Many people in the city do not believe that the new MIA command is really determined to establish law and order in St. Petersburg and eliminate its ‘hellholes’. The business community thinks that the raids of vegetable warehouses were just a routine demonstration of power. “This is a common situation – the MIA supreme command replacement was ongoing, and, in the meantime, the diasporas decided not to pay ‘dues’ to their ‘patrons’. Now the new commanders show them who is in charge there”.
In turn, representatives of the diasporas expect an increase in ‘fees’ charged by the MIA – up to the Moscow level – which would inevitably affect the market prices. “Fruits and vegetables will become more expensive,” – they say.
This version is supported by the fact that the majority of the diasporas are led by people well-known in the criminal world. The law enforcement authorities are fully aware of offenses committed by ethnic gangs. If Dmitry Baranov and his team were really willing to eradicate the ethnic crime in St. Petersburg, they had to arrest all these criminal ‘authorities’ instead of holding negotiations with them. Some sources sarcastically note that such open confrontations had never occurred in previous years because all the committed crimes were ‘prepaid’.
Others believe that nothing unusual is happening. “This is a trivial redistribution of spheres of influence, – they say. – Plugin just needed an excuse to replace the overseers supervising various branches of the shady business”. Rumors about ‘protection racketeering’ services rendered by him in Moscow have already reached St. Petersburg.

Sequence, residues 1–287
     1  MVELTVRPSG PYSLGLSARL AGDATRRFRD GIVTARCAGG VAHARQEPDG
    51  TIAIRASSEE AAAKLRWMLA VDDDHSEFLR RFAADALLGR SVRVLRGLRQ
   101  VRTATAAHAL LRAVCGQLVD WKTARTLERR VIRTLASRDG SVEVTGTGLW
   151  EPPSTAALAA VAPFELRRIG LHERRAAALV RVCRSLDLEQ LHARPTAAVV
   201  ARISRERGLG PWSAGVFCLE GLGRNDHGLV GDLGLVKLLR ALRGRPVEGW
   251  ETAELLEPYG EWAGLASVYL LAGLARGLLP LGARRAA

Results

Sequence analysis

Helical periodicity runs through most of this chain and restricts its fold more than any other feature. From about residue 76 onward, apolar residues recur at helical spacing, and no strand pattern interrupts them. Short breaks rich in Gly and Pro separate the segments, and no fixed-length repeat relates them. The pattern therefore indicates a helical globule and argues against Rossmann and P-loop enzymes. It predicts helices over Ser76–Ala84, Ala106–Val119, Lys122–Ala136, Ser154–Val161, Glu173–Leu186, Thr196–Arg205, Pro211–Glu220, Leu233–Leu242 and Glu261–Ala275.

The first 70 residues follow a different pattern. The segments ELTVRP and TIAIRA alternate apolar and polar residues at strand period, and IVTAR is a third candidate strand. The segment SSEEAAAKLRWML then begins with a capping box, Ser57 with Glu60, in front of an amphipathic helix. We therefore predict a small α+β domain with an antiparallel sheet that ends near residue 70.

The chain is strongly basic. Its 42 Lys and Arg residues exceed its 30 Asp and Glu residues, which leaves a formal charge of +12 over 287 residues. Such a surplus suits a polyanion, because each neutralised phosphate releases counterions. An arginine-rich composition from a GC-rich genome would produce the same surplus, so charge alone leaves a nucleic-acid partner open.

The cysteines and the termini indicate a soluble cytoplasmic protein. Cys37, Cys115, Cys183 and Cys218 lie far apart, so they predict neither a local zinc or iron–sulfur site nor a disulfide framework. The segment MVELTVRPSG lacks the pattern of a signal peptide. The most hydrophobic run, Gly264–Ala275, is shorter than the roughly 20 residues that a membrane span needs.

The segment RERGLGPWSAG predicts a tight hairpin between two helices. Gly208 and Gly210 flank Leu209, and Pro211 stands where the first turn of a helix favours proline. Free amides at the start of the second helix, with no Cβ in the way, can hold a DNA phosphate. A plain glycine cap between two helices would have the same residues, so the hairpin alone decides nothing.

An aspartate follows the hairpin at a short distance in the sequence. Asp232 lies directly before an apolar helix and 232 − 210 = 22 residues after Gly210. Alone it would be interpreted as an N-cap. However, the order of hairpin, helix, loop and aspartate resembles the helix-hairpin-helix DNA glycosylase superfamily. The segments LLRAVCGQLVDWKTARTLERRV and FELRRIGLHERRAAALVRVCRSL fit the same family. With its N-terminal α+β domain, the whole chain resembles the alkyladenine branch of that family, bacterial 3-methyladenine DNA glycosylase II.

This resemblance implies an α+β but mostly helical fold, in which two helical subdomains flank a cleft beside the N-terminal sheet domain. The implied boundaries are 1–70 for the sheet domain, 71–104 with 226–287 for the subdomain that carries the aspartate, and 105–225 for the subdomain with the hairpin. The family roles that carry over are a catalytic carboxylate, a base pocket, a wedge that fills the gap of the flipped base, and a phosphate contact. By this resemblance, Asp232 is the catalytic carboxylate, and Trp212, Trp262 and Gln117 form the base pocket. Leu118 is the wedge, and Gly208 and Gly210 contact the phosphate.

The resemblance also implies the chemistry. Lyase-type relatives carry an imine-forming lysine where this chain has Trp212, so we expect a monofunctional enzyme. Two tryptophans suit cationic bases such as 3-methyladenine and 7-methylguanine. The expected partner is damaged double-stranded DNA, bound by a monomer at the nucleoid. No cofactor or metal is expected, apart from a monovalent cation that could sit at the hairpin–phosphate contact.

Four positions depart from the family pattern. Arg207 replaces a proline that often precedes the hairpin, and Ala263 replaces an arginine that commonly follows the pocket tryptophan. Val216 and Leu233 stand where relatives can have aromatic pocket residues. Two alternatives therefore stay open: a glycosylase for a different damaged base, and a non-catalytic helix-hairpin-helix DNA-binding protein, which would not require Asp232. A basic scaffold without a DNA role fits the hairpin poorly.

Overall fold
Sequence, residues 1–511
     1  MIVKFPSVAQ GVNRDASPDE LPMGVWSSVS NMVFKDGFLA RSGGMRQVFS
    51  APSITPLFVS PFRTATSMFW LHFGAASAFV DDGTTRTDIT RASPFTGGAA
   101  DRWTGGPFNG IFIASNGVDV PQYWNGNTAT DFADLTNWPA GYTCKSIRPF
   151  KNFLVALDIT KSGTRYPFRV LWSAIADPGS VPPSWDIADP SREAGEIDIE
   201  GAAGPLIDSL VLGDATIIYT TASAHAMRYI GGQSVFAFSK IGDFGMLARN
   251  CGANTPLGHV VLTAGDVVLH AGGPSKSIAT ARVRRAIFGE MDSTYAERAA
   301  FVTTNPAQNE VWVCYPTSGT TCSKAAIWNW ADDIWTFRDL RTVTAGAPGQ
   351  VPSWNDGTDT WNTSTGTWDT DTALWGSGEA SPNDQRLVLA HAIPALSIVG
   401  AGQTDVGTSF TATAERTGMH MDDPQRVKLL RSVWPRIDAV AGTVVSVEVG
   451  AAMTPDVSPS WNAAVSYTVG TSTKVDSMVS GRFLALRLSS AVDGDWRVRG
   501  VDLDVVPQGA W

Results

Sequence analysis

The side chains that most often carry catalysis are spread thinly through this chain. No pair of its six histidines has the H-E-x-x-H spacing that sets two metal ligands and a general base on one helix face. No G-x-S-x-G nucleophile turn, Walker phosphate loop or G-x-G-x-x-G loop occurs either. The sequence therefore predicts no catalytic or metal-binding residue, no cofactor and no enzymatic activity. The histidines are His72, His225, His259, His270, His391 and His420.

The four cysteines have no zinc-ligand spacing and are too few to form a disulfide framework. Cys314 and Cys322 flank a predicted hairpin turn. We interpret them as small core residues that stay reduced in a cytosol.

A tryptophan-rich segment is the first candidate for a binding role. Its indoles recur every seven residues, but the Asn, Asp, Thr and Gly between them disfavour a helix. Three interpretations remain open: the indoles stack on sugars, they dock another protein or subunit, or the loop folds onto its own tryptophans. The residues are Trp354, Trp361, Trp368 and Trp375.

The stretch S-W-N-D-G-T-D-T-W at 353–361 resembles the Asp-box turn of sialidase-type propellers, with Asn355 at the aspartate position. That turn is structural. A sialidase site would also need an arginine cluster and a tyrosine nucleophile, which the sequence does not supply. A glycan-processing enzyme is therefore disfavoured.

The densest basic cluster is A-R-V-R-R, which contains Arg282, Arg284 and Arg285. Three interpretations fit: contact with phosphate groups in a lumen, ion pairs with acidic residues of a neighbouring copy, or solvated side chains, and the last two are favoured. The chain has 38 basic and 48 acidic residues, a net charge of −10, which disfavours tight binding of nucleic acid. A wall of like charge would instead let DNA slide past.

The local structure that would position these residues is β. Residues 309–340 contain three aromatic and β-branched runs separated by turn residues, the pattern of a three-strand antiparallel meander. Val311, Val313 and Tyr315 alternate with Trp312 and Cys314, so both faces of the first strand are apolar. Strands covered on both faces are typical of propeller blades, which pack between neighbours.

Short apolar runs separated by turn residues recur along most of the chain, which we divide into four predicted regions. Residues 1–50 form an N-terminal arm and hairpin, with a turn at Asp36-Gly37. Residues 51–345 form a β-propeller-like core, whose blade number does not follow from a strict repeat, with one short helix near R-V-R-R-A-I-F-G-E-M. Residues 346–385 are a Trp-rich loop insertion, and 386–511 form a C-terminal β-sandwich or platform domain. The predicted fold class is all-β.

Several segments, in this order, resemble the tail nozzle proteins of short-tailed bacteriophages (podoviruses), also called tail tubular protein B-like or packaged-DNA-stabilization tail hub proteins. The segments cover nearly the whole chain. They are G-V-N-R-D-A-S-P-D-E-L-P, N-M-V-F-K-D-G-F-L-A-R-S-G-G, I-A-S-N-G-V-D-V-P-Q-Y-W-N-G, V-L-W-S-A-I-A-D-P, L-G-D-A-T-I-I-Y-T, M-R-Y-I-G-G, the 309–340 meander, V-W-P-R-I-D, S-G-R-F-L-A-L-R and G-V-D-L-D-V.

A couple of years ago, a report of Boris Titov, Presidential Commissioner for Entrepreneurs’ Rights, had aroused much interest in the Kremlin. According to that report, the Department for Economic Security and Combating the Corruption of the MIA Administration for the Southern Administrative District of Moscow under the command of Roman Plugin had put the maximum pressure on Moscow businessmen. The name of Dmitry Baranov, then-Deputy Head of the MIA Administration for the Southern Administrative District of Moscow, was frequently mentioned in the complaints as well. Now colonel Baranov is a deputy of general Plugin in St. Petersburg. Based on the report produced by Boris Titov, representatives of the MIA used to make ‘business offers’ to entrepreneurs pretty openly – allegedly, as per instructions from the command – and fearlessly left their phone numbers for communication. According to the complaints, the standard fee for termination of proceedings instituted on the basis of an audit was $100 thousand.
Roman Plugin, the new Head of the MIA General Administration for St. Petersburg and the Leningrad Region
The redistribution of financial flows is a good tradition in the Plugin family. Kommersant newspaper wrote in 2001 that Yuri Plugin, father of Roman Plugin, had at some point disbanded the police department for protection of the fishery seaport and a similar department of the MIA Administration for the City of Murmansk. One of the oldest police departments in the polar region (established in 1953) was the main stronghold of law and order in the fishery industry. The department was a self-sustained institution funded by local seaport enterprises. But, according to the media, Plugin decided to disband it “to gain control over all financial flows involving the police”.
Some sources believe that Plugin junior is currently doing the same thing in St. Petersburg. However, it is necessary to take into account that his father was ultimately forced to resign as a result of the above-mentioned stuff cuts in the Murmansk police. Plugin senior failed to reach an understanding with his subordinates – who did not appreciate his innovations and intrigues. Apparently, in strict adherence to the family tradition, Roman Plugin uses the same tactics.